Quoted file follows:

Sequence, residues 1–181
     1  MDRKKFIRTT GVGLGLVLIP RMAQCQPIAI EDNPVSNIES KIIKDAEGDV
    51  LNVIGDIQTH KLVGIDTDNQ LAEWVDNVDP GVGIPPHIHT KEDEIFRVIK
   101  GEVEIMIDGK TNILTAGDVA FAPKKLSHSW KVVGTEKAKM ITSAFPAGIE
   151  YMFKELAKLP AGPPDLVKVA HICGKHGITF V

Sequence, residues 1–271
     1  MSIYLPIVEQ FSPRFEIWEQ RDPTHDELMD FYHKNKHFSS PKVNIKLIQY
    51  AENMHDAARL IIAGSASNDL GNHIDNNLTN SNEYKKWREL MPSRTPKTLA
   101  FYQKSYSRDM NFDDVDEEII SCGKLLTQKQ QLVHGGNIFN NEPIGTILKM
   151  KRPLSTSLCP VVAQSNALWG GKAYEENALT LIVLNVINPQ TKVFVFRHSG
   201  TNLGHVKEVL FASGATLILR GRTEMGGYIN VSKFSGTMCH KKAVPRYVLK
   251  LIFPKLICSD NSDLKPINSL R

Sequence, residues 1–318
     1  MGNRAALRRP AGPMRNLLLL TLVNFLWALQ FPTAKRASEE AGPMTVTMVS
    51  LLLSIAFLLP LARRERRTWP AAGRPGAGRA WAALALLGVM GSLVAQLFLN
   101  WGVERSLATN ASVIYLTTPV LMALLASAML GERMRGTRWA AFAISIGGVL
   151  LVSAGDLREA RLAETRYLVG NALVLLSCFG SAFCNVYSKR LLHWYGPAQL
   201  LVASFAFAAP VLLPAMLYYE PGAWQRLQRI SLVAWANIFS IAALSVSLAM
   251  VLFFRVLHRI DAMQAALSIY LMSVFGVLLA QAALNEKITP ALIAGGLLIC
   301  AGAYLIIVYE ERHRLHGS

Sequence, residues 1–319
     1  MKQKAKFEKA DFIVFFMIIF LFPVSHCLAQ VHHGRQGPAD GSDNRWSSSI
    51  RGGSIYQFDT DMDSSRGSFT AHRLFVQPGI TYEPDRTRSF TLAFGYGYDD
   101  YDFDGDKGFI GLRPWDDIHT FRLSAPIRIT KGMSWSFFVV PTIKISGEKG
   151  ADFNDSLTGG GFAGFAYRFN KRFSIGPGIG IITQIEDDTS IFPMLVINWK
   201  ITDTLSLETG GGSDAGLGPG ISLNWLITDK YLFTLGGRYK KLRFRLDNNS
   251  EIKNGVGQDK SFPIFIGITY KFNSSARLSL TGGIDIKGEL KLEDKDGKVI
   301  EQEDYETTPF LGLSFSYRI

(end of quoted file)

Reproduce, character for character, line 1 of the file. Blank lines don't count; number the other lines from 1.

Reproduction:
Sequence, residues 1–181